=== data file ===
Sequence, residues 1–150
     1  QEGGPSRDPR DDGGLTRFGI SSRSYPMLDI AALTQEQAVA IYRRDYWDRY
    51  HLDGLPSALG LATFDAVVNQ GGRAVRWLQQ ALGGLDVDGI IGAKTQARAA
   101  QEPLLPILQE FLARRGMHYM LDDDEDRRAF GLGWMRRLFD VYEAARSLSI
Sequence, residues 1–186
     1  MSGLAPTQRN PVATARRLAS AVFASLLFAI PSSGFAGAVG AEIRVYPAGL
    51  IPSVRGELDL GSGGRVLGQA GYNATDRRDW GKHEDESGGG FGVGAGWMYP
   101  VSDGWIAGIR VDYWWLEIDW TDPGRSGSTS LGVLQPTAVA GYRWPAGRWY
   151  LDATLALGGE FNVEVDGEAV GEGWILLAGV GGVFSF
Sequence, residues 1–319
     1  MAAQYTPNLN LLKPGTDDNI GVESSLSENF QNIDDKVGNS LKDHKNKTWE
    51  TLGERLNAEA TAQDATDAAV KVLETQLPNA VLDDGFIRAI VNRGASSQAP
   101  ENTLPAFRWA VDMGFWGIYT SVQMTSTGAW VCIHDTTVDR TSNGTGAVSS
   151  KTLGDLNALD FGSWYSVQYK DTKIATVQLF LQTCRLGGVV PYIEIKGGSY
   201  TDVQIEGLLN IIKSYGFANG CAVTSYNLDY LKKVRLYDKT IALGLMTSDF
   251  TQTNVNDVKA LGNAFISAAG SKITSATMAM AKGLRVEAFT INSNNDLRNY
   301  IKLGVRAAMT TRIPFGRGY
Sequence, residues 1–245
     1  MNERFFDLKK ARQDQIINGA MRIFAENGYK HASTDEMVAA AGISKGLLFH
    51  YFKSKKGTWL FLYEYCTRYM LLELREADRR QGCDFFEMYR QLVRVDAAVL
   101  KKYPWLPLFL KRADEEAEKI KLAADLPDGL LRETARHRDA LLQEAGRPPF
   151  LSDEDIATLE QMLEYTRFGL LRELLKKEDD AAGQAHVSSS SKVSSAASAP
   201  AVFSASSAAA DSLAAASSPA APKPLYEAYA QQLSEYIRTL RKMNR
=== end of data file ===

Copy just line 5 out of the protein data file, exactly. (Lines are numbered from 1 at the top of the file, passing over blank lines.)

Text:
Sequence, residues 1–186